Cycling infrastructure

Cycling infrastructure

The position of cyclists has already been discussed, as well as types of crossings in the traffic rules for cyclists. There are also different types of cycling infrastructure. 

Cycle path

Cycle paths are separated from the roadway for motorised traffic and are almost always red, either in asphalt or bricks. A blue sign with a bicycle on it indicates a mandatory cycle path. When riding your bike it is mandatory to use the cycle path when it’s there. The end of a cycle path is indicated with the same blue sign with a red line through it, this means cyclists have to use the roadway from this point on. A two way cycle path is indicated with a undersign below the blue sign, as well as markings in the middle of the cycle path.

Bicycle street

A bicycle street is similarly designed as a bicycle path, however, with the exception that cars are allowed to entry the street as guests. Bicycle streets are clearly indicated, red asfalt and the traffic sign ''Fietsstraat - Auto te gast'', and designed for cyclists. In this way, it immediately makes clear that motorists are guests and need to behave accordingly. The maximum speed limit for all road users is 30km an hour. Cars and motorcycles need to provide space for cyclist and adapt their pace. Therefore, bicycle streets are very comfy places for cyclist to cycle on.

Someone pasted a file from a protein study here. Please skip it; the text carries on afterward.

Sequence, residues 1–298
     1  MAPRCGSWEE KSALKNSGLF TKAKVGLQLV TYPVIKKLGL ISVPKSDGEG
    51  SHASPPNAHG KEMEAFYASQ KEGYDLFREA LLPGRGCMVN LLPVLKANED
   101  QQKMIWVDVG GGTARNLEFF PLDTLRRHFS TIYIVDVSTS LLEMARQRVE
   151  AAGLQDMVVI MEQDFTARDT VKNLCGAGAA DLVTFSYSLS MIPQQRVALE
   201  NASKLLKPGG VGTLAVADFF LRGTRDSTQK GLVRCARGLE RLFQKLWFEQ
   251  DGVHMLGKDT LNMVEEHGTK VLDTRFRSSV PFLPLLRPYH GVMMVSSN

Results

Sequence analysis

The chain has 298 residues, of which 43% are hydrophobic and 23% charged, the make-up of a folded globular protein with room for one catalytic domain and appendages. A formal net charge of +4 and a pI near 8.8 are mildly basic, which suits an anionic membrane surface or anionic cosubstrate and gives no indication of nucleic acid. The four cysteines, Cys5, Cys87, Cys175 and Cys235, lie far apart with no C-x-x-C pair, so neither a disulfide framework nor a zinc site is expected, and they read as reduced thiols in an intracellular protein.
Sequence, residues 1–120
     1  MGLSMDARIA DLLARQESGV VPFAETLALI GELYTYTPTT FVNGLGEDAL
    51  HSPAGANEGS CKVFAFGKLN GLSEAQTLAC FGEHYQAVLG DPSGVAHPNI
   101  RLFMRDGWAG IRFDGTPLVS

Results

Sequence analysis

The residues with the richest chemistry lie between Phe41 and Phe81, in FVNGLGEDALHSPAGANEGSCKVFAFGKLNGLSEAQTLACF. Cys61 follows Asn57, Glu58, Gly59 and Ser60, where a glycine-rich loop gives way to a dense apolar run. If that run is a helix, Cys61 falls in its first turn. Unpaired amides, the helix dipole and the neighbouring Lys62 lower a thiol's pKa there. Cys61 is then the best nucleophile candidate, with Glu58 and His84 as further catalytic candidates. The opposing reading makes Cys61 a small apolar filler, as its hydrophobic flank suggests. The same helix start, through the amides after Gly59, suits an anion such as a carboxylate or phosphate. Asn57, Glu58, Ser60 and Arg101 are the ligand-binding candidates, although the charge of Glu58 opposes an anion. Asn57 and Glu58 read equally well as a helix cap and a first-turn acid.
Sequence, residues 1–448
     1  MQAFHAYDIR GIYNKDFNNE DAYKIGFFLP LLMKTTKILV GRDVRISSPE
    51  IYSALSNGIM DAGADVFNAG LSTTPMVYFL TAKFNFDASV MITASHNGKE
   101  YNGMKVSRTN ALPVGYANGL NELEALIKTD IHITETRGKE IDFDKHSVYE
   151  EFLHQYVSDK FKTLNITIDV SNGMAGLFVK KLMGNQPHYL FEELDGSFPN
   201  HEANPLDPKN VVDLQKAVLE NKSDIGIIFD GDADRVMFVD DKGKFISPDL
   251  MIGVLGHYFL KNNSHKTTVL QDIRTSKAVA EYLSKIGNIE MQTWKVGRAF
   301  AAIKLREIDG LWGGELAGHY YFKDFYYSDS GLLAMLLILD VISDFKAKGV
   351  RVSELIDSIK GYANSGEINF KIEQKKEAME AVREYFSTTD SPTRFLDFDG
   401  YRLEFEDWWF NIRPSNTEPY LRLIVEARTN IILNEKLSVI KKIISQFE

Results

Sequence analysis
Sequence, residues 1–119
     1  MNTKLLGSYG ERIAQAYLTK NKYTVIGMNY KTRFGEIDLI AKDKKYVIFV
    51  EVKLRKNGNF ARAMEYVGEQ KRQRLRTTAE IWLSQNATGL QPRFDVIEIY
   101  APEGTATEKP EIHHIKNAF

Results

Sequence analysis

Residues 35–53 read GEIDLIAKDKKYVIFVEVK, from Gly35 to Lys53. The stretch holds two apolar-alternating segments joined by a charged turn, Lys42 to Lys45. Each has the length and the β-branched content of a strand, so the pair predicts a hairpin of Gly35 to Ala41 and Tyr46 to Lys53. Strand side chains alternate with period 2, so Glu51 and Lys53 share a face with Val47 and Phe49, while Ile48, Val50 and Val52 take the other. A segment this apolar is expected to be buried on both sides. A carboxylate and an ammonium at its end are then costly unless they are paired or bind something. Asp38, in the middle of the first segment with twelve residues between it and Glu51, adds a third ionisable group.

Moped/cycle path

These types of paths are usually found outside the urban area. On these paths cyclists share the cycle path with mopeds, as indicated with. 

Recreational cycle network

In the Netherlands and Belgium a network of cycle routes connected via nodes (intersections of cycle paths) is available. The nodes are all numbered and are easily identified. With the help of a map of the cycle route network, you can compose your own bicycle tour by planning a route from node to node. Allowing you to make your own cycle route out of already existing long-distance cycle routes or loop-shaped cycle routes.